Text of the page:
Narrative of John Diggs-Dorsey
The information used to compile this authoritative version of events is provided in several categories below. In addition to providing the newspaper accounts cited in the narrative, we are sharing full versions of the maps and atlases used to geo-locate these events, as well as short biographies of the named participants, outlining their personal backstories and relationships beyond what is possible to share in the narrative.
Biographies of Named Individuals
Remembrance Weekend, 2021
On September 25, 2021, Montgomery History, in partnership with The Montgomery County Lynching Memorial Project, and the Montgomery County Remembrance and Reconciliation Commission, held a symposium as part of Remembrance Weekend, recognizing two men who were the victims of racial terror lynchings in Rockville, Maryland: Mr. John Diggs-Dorsey and Mr. Sidney Randolph. Speakers included historians Ralph Buglass and Tony Cohen, along with Montgomery History’s archivist Sarah Hedlund.
Play from the beginning to see opening remarks by Montgomery History’s Executive Director, Matt Logan; Montgomery History’s Board of Directors Chair, Shaunta Vaughn; and County Council member Craig Rice.
Use this link to skip to Ralph Buglass’s talk, “Retrospective on Race.”
Use these links to skip to Sarah Hedlund’s talk, “The Rockville Lynchings”, the stories of Mr. John Diggs-Dorsey and Mr. Sidney Randolph
Use this link to skip to Tony Cohen’s talk, “Anatomy of a Lynching.”
Use these links to skip to comments by County Council members Will Jawando and Hans Riemer.
Remembrance Pilgrimage Walk / Soil Collection Ceremony
On September 26, 2021, Montgomery County leaders and residents joined together in a remembrance pilgrimage walk and soil collection ceremony to memorialize John Diggs-Dorsey and Sidney Randolph.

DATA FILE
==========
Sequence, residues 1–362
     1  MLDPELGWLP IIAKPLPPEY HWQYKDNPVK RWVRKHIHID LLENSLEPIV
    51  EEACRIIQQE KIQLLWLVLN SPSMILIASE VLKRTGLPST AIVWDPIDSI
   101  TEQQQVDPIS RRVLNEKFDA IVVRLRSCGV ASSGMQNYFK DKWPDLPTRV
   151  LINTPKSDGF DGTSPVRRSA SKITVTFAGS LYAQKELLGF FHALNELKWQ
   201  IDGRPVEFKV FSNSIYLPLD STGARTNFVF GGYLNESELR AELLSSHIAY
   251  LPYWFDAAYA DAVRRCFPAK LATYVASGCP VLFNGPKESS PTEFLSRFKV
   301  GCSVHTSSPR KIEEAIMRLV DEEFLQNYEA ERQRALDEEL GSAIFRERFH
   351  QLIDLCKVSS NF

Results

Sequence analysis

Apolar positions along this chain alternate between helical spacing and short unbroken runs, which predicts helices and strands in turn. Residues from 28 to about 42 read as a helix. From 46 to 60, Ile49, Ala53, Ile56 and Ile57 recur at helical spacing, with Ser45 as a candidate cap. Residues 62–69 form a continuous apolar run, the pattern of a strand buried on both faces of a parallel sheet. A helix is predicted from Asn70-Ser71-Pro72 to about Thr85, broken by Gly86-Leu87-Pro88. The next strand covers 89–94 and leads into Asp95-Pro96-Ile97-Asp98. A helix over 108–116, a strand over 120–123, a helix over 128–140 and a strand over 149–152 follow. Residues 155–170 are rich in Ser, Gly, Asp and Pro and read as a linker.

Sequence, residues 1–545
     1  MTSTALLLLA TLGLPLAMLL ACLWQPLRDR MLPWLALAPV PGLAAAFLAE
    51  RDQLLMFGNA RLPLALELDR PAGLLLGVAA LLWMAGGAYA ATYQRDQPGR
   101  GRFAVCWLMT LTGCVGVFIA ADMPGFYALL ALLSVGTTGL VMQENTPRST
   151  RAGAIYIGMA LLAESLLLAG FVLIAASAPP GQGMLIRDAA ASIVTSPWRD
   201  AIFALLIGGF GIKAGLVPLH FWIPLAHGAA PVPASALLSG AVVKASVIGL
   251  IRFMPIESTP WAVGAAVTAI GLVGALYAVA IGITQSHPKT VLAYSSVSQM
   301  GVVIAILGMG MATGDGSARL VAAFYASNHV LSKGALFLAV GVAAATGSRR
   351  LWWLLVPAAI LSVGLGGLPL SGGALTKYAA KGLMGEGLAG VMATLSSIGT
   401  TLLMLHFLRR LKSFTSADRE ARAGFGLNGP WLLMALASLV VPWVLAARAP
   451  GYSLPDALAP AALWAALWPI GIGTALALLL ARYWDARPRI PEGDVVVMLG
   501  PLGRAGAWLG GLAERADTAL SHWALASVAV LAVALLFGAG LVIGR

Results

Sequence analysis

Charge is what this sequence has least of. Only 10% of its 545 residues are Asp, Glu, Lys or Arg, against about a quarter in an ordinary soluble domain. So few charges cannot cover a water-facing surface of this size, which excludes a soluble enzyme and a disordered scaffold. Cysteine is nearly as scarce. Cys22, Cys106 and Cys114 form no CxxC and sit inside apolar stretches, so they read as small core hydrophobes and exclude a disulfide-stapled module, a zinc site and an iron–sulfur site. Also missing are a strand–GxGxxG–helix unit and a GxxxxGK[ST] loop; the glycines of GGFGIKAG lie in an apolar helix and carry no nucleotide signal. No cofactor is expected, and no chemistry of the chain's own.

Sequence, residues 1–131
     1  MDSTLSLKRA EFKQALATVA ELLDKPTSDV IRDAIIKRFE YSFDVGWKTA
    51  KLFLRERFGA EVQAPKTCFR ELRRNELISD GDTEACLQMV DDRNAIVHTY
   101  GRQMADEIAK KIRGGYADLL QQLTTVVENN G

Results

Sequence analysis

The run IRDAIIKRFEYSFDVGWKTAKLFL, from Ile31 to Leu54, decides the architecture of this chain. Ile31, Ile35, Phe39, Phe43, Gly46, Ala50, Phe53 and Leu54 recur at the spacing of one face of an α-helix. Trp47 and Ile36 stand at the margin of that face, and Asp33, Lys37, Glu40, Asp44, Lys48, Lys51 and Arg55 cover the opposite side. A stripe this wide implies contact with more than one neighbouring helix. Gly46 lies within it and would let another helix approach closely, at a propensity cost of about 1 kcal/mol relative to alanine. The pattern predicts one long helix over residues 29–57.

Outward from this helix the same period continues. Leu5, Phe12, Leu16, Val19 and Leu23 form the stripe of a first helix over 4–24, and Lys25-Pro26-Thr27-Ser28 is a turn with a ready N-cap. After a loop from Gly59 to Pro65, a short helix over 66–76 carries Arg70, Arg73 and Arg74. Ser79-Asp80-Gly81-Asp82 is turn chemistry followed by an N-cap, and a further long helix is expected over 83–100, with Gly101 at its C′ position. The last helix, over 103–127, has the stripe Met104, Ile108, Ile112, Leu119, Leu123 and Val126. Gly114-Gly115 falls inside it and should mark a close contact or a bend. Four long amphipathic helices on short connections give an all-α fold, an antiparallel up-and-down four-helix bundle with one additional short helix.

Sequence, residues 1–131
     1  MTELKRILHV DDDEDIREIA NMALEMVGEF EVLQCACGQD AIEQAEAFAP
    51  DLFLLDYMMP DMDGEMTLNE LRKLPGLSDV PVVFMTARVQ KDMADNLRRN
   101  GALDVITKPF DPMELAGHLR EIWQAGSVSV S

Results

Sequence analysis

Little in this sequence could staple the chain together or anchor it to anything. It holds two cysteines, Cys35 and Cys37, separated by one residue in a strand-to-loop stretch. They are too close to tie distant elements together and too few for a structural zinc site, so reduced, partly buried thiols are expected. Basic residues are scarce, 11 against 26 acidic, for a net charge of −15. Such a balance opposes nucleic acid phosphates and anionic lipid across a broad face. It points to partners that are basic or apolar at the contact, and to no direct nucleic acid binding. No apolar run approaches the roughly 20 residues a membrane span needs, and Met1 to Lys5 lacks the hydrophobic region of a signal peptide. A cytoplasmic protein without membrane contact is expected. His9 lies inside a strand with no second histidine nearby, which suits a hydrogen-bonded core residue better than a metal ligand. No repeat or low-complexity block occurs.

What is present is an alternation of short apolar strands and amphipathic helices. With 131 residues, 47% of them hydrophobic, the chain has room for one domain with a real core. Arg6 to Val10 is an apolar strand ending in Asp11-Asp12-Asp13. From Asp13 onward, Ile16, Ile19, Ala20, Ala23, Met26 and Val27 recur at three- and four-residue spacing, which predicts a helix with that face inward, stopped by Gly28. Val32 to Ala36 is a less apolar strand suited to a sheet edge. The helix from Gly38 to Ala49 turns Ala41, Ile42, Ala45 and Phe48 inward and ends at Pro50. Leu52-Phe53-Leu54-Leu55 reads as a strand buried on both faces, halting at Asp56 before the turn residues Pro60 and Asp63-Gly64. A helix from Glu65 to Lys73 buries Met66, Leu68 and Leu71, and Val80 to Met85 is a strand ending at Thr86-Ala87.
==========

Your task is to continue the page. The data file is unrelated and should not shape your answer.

The pilgrimage walk began by the site where the old Montgomery County jail once was, close to where the County Council building is now located in Rockville. Participants made several stops, including the property once known as West’s Farm, which is the area where Diggs-Dorsey was lynched, and the area near Montgomery College once called the Anderson Farm, where Randolph was killed 16 years later.
The walk ended at Welsh Park, near the halfway point between the two areas where both men were killed. During the soil collection ceremony at the park, residents quietly lined up to scoop soil into several jars placed on the ground. Soil from Welsh Park was combined with soil from near the areas where the men were lynched. One jar of soil for each man was given to the EJI representative for display in the Legacy Museum in Alabama, and five additional jars were distributed to local cultural heritage organizations, including Montgomery History.
Participants in the ceremony included County Council member Hans Riemer; Jason Green, chair of the Commission for Remembrance and Reconciliation in Montgomery County; Lesley Younge of the Montgomery County Lynching Memorial Project; and special guest Elliot Spillers, of the Equal Justice Initiative in Montgomery, Alabama, as well as local students and faith leaders. The Washington Revels Jubilee Voices provided musical interludes.